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Greenhouse Gas Regulations
Southern California Edison Gary Stern

March 10, 2008
SOUTHERN CALIFORNIA EDISON

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Agenda
• Overview of Assembly Bill (AB) 32 - Background • Options to Reduce Greenhouse Gas Emissions
– Cap-and-Trade – Point of Regulation – Allowance Allocation

• CPUC/CEC Proposed Decision • Questions?

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AB 32 – California Global Warming Solutions Act of 2006
• AB 32 “…require(s) the state board to adopt a statewide greenhouse gas emissions limit equivalent to the statewide greenhouse gas (GHG) emissions levels in 1990 to be achieved by 2020…”
GHG Emissions MM mton CO2e
2012: AB 32 Rules and Regulations take effect 600* 174* 426* 426*

1990

2007

2012

2020

Others 8.3%

Source of California Emissions

Electric Power 22.2%

Transportation 40.7%

* Climate Action Team (CAT) Report

Industrial 20.5% Page 2

Ag & Forestry 8.3%
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Details of AB 32
CARB Milestones January 1, 2008: CARB adopts reporting regulations January 1, 2009: CARB preliminary declares how reductions will be achieved January 1, 2011: CARB completes rulemaking and adopts GHG regulations including rules governing market mechanisms January 1, 2012: CARB rules and market mechanisms take effect December 31, 2020: Deadline for reducing emissions to 1990 levels

CPUC Milestones

July 1, 2007

Dec. 31, 2020

February, 2008: CPUC issues staff report

September 2008: CPUC Decision

• All Sectors of the California economy involved

• California Air Resources Board (CARB) is the lead agency
– CPUC and CEC have a joint role in providing recommendations on the Electricity sector regulations

*Source:California Energy Commission, Inventory of California GHG Emissions and Sinks: 1990-2004, Figure 3

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Options to Reduce GHG Emissions
• Command & Control – Traditional Regulations
• Renewable Portfolio Standard • Energy Efficiency Standards
• Unlike criteria pollutants (SOx, NOx), GHG emissions do not have a simple abatement solution – Regulators may not know the most cost-effective abatement options

• AB 32 provides CARB the option to use market based systems
– Internalize cost of emissions and send price signal to consumers – Allow markets to seek cost-effective abatement options – Market based systems include
• Carbon Tax • Cap-and-Trade Program

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Cap-and-Trade vs. Command and Control
Cap-and-Trade
ALLOWANCE
Good for One Metric Ton of CO2
CO2

Command and Control
CARB

Thou Shall…

Point of Regulation Entity

CARB Point of Regulation Entity Implements required pollution reducing technology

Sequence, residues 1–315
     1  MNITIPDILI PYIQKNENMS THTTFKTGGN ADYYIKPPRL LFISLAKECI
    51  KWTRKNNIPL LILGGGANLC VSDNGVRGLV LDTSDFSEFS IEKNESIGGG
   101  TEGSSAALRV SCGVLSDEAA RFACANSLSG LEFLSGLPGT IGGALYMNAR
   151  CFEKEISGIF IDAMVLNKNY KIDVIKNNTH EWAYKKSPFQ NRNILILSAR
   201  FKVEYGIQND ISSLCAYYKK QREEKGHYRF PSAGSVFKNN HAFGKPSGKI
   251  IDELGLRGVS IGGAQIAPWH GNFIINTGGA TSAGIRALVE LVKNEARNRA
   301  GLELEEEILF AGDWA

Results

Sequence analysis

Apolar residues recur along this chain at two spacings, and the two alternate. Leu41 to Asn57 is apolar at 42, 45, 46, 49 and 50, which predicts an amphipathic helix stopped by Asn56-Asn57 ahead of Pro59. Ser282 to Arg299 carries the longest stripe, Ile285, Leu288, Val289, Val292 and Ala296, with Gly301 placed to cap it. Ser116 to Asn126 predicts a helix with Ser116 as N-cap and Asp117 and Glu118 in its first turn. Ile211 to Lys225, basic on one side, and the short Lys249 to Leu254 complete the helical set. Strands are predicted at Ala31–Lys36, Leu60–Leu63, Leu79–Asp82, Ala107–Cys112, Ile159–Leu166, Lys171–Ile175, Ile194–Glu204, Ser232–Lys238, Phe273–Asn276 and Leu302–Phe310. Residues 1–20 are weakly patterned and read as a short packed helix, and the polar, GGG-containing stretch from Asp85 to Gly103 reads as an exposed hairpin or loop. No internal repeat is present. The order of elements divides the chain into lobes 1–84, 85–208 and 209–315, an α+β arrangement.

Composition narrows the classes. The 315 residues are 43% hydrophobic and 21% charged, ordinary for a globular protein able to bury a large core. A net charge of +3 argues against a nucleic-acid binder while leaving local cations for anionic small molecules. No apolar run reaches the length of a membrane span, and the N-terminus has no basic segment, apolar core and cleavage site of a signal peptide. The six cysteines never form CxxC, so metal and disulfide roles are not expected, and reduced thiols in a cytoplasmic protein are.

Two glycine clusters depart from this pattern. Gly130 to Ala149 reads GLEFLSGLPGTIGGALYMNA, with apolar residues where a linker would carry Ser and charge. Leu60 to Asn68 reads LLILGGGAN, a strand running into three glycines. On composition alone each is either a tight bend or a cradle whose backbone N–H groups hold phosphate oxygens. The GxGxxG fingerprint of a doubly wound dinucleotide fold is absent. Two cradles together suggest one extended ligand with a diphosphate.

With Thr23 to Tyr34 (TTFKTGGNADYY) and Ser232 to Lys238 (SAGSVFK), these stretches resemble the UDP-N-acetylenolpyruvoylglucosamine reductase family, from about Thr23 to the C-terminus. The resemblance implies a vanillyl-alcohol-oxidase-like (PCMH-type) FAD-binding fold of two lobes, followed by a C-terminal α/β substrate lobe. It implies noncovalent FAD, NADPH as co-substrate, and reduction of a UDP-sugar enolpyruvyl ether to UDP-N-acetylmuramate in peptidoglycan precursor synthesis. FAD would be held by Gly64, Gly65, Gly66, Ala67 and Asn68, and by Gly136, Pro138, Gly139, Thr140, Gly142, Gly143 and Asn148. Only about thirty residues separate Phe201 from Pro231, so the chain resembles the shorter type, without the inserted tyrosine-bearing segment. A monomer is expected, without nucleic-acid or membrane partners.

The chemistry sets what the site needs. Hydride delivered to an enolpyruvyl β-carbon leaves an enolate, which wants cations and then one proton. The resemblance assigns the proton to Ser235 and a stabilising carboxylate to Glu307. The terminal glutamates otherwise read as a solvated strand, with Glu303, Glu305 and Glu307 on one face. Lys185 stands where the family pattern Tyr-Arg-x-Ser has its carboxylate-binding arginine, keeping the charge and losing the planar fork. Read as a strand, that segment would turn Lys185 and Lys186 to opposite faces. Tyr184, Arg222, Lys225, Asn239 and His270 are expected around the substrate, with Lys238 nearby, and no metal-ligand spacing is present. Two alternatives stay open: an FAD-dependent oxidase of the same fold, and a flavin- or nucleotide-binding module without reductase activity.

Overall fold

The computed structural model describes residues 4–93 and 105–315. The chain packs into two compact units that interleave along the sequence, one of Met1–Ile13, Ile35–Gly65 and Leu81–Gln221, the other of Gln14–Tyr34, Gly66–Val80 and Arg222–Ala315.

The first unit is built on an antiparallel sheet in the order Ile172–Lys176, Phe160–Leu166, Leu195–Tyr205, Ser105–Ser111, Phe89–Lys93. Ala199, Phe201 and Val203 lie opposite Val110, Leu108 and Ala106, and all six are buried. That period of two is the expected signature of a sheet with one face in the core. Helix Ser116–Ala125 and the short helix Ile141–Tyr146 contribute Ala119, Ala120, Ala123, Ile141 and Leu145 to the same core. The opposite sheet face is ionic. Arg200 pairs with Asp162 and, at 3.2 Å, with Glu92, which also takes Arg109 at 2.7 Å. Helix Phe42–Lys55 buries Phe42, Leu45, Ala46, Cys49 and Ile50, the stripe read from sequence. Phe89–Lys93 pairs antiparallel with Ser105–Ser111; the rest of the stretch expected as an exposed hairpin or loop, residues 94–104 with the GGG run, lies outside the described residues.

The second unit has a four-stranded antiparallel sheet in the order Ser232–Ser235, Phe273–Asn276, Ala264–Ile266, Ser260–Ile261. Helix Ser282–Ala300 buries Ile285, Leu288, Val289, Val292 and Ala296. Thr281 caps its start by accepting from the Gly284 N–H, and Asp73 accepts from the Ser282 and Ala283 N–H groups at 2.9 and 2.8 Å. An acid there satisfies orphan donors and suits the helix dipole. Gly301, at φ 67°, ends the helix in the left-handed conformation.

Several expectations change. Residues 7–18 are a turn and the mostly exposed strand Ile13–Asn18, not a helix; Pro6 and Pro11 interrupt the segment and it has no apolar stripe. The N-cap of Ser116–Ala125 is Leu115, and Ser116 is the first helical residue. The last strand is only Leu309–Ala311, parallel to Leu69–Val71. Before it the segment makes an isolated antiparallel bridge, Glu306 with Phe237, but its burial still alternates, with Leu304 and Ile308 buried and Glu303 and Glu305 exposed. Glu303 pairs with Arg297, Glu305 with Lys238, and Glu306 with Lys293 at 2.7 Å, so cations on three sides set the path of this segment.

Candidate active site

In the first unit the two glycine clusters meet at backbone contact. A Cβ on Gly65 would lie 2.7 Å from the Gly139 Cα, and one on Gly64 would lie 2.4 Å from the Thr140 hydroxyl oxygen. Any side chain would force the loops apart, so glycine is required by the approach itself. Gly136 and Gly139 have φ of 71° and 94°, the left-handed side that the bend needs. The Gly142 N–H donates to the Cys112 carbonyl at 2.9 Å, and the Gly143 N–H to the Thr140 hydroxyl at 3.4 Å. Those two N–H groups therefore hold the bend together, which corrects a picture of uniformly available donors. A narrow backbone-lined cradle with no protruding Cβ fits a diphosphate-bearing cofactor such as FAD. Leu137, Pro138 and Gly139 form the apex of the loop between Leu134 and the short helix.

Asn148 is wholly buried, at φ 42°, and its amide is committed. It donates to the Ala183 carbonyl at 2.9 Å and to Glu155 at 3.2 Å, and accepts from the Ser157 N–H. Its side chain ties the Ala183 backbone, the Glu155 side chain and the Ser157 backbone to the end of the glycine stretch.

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Cap-and-Trade vs. Carbon Tax
– Carbon Tax
• Emissions reduction is a function of abatement costs and is difficult to forecast • Tax revenue may not be used efficiently

– Cap-and-Trade
• Emissions cost is a function of marginal abatement costs • Greater certainty in level of emission reductions • Revenue generated from cap can be returned to harmed entities reducing overall costs
– Consumers – Generators

SCE supports a broad, multi-sector, cap-and-trade program
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Point of Regulation (POR) Across Sectors
Upstream Downstream

Coal Mines Electricity Generation First Entrance to Grid/ Point of Transaction

Load-Based Cap
LSE Sales Retail End Use

Natural Gas Wellhead

“Deliverer”
Retail End Use

Dist. Co.

Oil Extraction

Oil Refinery

Gasoline Sales

Retail End Use

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Point of Regulation in Electric Sector • Two main options currently being considered
1. Load-Based Cap
• LSE is responsible for submitting emission allowances for emissions associated with load served • Requires tracking energy from source to load
– Not possible with portfolio purchases

2. “Deliverer” Cap (a.k.a. Source-Based Cap)
• Generator is responsible for submitting emission allowance based on emissions from plant • Tracking systems are in place

Which one is better? …

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Point of Regulation Issues
• Overall program costs • Imports
– Costs are generally similar under both approaches – Account for 25% of energy, yet 50% of emissions – Neither approach handles imports very well – A load-based cap requires the use of default emissions rate
• Generators can hide emissions

• Accuracy

• Wholesale Markets

– Under a load-based cap a low-emission generators will enter into bilateral contracts and avoid wholesale markets – This may adversely impact market efficiency

SCE advocates the “Deliverer” approach
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Costs of Load-Based POR vs. “Deliverer” POR
Load-Based Cap
$/MWh

“Deliverer”
$/MWh
Increased Bids to Recover Emissions Emissions Cost Costs Market Clearing Price

Emissions Cost

Market Clearing Price

Nuclear, Hydro, Renewables

Coal

SCE Market Natural Purchases Gas (Net Short)

MWh

Nuclear, Hydro, Renewables

Coal

SCE Market Natural Purchases Gas (Net Short)

MWh

The cost of a load-based cap should equal the cost of the “Deliver” approach
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Allocation of Emission Allowances
• Significant financial impact to all entities
– Overall costs: Over $10 billion/year for California

• Two primary methods of allowance allocation